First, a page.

Prep For Doom by Band of Dystopian is an anthology of panic and pandemic for all you fans of the end times disaster scenarios


I always insist that I’m not a short story fan, but I just keep picking these anthologies up because I can’t resist them.  This time, it was the hint of chaos and anarchy that comes with catastrophic disaster that had me getting grabby hands.  This book actually felt like one complete work instead of a collection of various writers.  I don’t know how these twenty folks managed it, but bravo.


Goodreads Summary

From the imaginations of twenty authors of dystopian and post-apocalyptic fiction comes PREP FOR DOOM – an integrated collection of short stories that tell the tale of a single catastrophe as experienced by many characters, some of whom will cross paths.

What begins with a seemingly innocuous traffic accident soon spirals into a global pandemic. The release of Airborne Viral Hemorrhagic Fever upon New York City’s unsuspecting populace brings bloody suffering within hours, death within a day, and spreads worldwide within a month.

An online community called Prep For Doom has risen to the top of a recent doomsday preparation movement. Some have written them off as crazy while others couldn’t be more serious about the safety the preppers could provide in a global disaster. But when AVHF strikes, their preparation may not be enough to save them

My Thoughts

This was a pretty intriguing collection of short stories.  I thought that it was impressive that so many authors contributed to the anthology but it still read like a cohesive work with a consistent tone and style.  I enjoy most dystopian, end times, post apocalyptic settings, so this was a treat for me.  I really wasn’t sure about this collection at first because it started in such an unexpected place, but it didn’t take long for me to see the common thread that tied them all together, and once that was clear, I relaxed and enjoyed.  I did still have a few problems.  I am a straight read-through reader, and I found that approach left me depressed because there really weren’t any happy thoughts for at least the first third of the book.  I knew it would be bad because, well, duh, but there didn’t seem to be enough good things balancing out the horror.  Those hopeful stories do arrive, but it takes a while to see the light at the end of the tunnel on this one.  I also found that this felt really, really long.  And I just looked – yep, almost 400 pages.  I bring these two things up because I think that most readers will find this book goes down better in small doses.  My afternoon read-a-thon was kind of exhausting.  I think that fans of disaster books will enjoy the pandemic and panic this group of writers has cooked up.  Unlike some books of this genre, there weren’t a lot of dull medical conversations or boring science lessons.  It definitely was paced and written to appeal to readers of YA.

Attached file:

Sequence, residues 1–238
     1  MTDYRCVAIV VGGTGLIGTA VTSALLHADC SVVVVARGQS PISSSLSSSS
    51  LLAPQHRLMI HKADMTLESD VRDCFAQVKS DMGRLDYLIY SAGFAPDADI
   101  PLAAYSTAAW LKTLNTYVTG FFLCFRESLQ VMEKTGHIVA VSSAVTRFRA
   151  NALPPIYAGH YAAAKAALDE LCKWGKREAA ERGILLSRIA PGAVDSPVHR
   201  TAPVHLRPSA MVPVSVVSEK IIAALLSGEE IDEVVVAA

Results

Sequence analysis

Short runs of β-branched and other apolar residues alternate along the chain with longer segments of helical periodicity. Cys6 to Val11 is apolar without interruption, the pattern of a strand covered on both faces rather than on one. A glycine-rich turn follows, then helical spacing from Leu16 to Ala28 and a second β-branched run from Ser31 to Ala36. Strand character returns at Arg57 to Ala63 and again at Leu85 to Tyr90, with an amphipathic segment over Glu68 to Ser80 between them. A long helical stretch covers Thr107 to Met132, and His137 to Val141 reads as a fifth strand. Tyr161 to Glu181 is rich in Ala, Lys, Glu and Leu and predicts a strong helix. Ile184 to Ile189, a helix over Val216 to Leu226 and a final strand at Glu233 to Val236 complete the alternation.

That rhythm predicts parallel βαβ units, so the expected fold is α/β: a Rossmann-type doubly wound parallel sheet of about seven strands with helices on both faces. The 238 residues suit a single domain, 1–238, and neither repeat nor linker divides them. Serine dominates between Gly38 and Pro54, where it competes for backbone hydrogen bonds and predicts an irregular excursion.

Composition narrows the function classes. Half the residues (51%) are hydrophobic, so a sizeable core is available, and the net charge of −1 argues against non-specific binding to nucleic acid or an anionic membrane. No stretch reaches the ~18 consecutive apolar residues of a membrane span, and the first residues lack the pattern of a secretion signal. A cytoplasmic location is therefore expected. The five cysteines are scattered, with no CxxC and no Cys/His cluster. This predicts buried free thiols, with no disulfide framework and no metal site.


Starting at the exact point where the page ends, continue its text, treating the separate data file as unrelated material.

I received an ARC from the publisher via NetGalley in exchange for an honest review.


About queenbook

When the final bell rings, I stash those messy piles of essays and analysis assignments in a desk drawer and I head home to a pile of good books. My kids and dog eat too many chicken nuggets and the house could be neater, but as long as I get my daily read, I guess we are doing all right. When I was twelve and fifteen and eighteen and twenty, I believed I needed to get out there and do those things I had just been reading about, which ended in disaster, tears, a tattoo that scares me every time I catch a glimpse of it in the mirror, and the realization that some of us are meant for action, and some of us are meant to critique the pace of action in a book. I read primarily YA fiction as I have a rather hulking classroom library and a hundred high school readers to engage daily. Nothing makes me happier than coming to school and finding an impatient teenager waiting by my door to turn in a book and get another one just like it. I adore a good zombie, a medieval princess, or girl assassin (I would like them all in one book if you are a writer looking for some inspiration). I add historical mystery to my wish list a year in advance, and you should get out of my way when the next Outlander book comes out. I have an embarrassing fondness for rock star books, but only if they don’t get too trashy and embarrass me. My favorite book of all time is The Blue Castle by L.M. Montgomery. My book boyfriends include Gilbert Blythe, Alonzo Wilder, and Jamie Fraser. They are mine and you can’t have them.

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